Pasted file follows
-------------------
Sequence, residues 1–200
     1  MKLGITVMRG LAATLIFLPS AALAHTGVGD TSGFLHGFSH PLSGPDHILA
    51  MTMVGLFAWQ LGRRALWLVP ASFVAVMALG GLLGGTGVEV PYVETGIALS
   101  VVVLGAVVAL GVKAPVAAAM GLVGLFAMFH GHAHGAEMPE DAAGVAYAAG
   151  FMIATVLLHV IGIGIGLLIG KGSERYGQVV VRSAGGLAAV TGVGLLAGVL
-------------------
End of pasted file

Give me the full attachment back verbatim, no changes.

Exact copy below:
Sequence, residues 1–200
     1  MKLGITVMRG LAATLIFLPS AALAHTGVGD TSGFLHGFSH PLSGPDHILA
    51  MTMVGLFAWQ LGRRALWLVP ASFVAVMALG GLLGGTGVEV PYVETGIALS
   101  VVVLGAVVAL GVKAPVAAAM GLVGLFAMFH GHAHGAEMPE DAAGVAYAAG
   151  FMIATVLLHV IGIGIGLLIG KGSERYGQVV VRSAGGLAAV TGVGLLAGVL